In Tuesday's State of the Union speech, we were presented with President Obama’s attempts to assuage our fears about the economy, about health care, about the state of public education, about the wars in Iraq and Afghanistan.
Rather than try to reassure us, we want the president to refocus attention on human rights emergencies that pre-date the financial crisis and that have been left to fester by world leaders. President Obama gave a nod to this principle when he said, “To win the future, we will need to take on challenges that have been decades in the making.”
But it’s not about “winning the future” or any other competitive impulse that leaves the majority of humanity behind. It is about recognizing that the challenges we face are the direct result of policies crafted to benefit the few at the expense of the many.
Two of the greatest threats to women in the communities where MADRE works are the resurgence of the AIDS pandemic and climate change. These are human rights crises that disproportionately affect the world’s poor, most of whom are women. The AIDS pandemic has been drastically exacerbated by policies that privilege corporations’ patent protections over people’s right to health and access to medicines. Climate change has been fueled by profit-driven energy policies that turn a blind eye to the impacts of unchecked carbon emissions on poor communities.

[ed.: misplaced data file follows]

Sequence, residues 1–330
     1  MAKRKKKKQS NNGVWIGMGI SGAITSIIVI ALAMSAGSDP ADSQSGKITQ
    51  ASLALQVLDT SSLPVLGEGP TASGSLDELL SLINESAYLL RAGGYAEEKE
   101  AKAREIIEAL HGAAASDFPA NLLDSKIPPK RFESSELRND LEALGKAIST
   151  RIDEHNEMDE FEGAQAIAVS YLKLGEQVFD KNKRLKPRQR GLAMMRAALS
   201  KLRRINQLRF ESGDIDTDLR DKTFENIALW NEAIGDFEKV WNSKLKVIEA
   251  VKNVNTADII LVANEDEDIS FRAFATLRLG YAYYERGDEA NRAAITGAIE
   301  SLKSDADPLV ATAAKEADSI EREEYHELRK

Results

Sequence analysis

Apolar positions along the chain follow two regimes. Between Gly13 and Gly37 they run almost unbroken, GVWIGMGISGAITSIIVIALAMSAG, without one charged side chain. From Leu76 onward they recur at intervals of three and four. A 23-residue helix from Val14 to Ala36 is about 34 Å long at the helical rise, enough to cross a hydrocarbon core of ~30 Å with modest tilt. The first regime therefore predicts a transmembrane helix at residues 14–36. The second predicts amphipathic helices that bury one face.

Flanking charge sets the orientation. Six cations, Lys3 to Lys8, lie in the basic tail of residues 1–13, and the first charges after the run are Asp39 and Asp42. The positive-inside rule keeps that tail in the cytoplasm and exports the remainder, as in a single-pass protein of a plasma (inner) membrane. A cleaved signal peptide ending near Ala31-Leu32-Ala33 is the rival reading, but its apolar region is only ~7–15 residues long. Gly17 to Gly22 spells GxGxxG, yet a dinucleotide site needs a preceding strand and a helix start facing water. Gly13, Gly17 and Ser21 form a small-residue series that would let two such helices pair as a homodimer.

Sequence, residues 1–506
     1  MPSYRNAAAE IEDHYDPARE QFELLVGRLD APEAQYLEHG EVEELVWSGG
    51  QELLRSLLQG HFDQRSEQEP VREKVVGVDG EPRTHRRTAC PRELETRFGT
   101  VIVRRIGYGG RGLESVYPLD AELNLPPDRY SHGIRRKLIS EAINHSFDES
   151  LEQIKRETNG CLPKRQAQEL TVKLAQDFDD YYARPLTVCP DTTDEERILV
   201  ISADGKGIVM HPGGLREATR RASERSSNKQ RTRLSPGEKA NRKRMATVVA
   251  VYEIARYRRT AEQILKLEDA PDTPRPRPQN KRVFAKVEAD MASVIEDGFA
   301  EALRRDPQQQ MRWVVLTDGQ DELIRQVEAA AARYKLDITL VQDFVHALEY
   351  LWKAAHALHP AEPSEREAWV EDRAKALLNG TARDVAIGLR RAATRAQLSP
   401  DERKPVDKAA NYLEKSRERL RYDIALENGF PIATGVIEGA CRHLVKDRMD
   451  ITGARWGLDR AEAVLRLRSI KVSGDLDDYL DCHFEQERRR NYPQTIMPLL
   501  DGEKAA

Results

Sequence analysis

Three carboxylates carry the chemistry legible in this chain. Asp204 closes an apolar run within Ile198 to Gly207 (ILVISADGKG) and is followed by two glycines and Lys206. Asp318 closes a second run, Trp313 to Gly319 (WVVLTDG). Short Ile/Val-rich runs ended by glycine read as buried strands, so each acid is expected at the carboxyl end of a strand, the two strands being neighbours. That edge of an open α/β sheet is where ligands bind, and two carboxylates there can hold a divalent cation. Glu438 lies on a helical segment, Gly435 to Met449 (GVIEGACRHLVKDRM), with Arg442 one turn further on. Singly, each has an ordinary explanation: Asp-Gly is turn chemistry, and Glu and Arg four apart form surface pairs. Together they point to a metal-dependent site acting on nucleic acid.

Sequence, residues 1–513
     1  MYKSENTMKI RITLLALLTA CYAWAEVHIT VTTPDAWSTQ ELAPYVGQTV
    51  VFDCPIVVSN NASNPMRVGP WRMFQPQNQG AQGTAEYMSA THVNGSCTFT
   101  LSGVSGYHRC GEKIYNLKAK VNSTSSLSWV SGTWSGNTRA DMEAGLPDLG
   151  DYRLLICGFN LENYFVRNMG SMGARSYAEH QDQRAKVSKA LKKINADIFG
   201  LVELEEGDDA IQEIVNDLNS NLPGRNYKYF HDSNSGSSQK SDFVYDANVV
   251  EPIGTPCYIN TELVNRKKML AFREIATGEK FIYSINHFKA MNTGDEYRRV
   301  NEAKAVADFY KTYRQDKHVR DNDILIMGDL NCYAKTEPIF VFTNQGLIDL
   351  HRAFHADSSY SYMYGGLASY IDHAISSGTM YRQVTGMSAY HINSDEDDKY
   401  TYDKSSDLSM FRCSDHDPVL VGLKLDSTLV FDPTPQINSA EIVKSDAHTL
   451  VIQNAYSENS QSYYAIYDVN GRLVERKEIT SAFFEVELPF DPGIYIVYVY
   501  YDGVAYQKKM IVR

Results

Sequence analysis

Yet, as daunting as AIDS and climate change may be, the biggest obstacles to combating these threats are not financial or technical. The biggest challenge is getting the world’s powerful people to be accountable to crises that mainly affect the poor.
We know what needs to be done, and so does President Obama. What’s missing is the political will from world leaders. As one of the most powerful world leaders, Obama has the capacity to generate that political will, and he needs to act now.